Farmers complain about EU attacks on Moroccan exports


Published on Friday 23 February 2024 Back to articles

Spanish farmers, who oppose the import of cheaper Moroccan food, block highway

Moroccan farmers have been angered by the latest in a series of attacks carried out by their counterparts in Spain and France against trucks that are transporting Moroccan fruit and vegetables to the European market. There have been similar attacks for several years but have become increasingly commonplace as resentment has mounted among European farmers who oppose the import of cheaper food products from their southern neighbour. 

The current protests have only amplified the situation with several attacks taking place in both France and Spain in February. There are mounting complaints about the quantities of Moroccan fruit and vegetables imported into the EU. According to the European Office of Statistics the Kingdom remains the leading supplier having exported 1.04 million tons — valued at €1.83 billion — between January and September 2023, which was a 6% increase on the same period in 2022. Spanish farmers, as well as its far-right VOX party, are blaming the EU’s agricultural agreement with Morocco and are demanding that it be suspended. 

These attacks are proving devastating to the Moroccan farmers who are directly affected and, more widely, are also triggering concerns among food exporters. One described how the European protestors are attacking their trucks, destroying a few pallets and leaving the trucks open, which breaks the cold seal and causes the fresh products to rot. Moroccan insurance companies are refusing to compensate the victims because they do not pay out for goods damaged as a result of strikes or protests. Some food producers have already decided they cannot afford to lose income in this way and have therefore suspended their exports to Europe.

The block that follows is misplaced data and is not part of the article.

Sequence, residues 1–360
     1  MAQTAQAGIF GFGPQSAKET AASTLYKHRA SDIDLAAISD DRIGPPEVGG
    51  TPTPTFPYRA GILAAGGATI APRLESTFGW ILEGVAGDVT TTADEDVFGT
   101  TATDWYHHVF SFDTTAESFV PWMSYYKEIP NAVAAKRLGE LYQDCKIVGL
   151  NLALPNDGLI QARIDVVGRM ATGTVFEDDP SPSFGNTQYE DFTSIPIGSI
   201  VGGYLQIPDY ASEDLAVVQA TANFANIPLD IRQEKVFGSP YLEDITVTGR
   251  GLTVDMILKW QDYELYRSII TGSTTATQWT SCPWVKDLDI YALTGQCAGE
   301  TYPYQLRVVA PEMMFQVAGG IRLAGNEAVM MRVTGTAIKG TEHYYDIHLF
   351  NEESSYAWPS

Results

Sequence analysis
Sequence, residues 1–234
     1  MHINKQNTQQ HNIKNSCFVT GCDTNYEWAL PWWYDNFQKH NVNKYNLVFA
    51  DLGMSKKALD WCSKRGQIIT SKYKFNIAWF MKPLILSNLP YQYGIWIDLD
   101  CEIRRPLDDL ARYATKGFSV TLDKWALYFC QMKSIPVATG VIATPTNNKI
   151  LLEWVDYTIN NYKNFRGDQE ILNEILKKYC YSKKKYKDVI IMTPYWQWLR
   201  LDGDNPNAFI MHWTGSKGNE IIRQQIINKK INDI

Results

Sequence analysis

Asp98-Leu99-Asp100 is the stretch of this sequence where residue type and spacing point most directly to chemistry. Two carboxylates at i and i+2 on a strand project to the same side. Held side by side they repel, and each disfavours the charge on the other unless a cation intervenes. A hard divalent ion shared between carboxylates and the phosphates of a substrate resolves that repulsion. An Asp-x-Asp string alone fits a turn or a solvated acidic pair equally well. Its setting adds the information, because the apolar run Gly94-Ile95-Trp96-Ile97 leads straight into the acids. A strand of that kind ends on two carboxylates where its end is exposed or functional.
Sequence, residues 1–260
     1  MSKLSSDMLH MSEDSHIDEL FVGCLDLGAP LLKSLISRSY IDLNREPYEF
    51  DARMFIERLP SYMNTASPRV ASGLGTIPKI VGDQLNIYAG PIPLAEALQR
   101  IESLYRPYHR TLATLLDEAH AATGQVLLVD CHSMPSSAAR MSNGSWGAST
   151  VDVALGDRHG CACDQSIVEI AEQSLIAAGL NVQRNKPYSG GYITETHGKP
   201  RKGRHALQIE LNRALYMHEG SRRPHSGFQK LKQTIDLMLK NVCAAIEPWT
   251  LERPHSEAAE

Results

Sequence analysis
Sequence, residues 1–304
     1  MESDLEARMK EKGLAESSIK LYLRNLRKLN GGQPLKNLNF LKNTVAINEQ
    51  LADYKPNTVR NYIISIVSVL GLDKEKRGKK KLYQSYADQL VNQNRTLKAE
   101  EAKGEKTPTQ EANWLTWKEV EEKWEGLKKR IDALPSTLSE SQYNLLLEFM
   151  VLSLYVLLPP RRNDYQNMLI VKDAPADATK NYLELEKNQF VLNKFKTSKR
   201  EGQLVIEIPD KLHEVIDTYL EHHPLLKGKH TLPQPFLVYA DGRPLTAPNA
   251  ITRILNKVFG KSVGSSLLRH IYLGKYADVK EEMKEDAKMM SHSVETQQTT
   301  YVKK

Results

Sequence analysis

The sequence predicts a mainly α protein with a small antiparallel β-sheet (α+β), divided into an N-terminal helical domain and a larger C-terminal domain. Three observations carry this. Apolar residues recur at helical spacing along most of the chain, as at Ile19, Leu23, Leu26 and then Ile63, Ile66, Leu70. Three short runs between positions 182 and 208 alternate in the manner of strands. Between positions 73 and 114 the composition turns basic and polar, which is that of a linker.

The situation has become so bad that Morocco’s chamber of commerce called on their French and Spanish counterparts to do something about the problem and to respect their contractual agreements with the Kingdom. On 15 February the Confédération Marocaine de l’Agriculture et de Développement Rural (COMADER) issued a statement denouncing the attacks on Moroccan products.

Agricultural exports represent an important part of Morocco’s economy and the Kingdom cannot afford such upsets. The agricultural sector is already struggling because of repeated droughts which show no signs of improving. There was a 70% deficit in rainfall between September 2023 and mid-January 2024 compared to average rainfall totals which bodes ill for the coming season. Last month Mauritania also unexpectedly imposed customs duties, of up to 171% on some items, on Moroccan produce. Some Moroccan exporters complained that the cost of clearance of one cargo truck entering Mauritania had increased from €1,600 euros to €4,600 overnight. 

These attacks are therefore a further headache for Moroccan farmers and are making an already challenging sector even more difficult. 

This excerpt is taken from Morocco Focus, our monthly intelligence report on Morocco. Click here to receive a free sample copy.

The February 2024 issue of Morocco Focus also includes the following:

Foreign Relations

  • Rabat explodes in anger at Steffan de Mistura’s visit…
  • Implications
  • France’s First Lady hosts three princesses


  • Long-awaited reshuffle is on the cards…
  • Profile: The PAM Triumvirate

Energy & Economy

  • Moroccan farmers complain about attacks on exports
  • National Investment Committee approves new agreements

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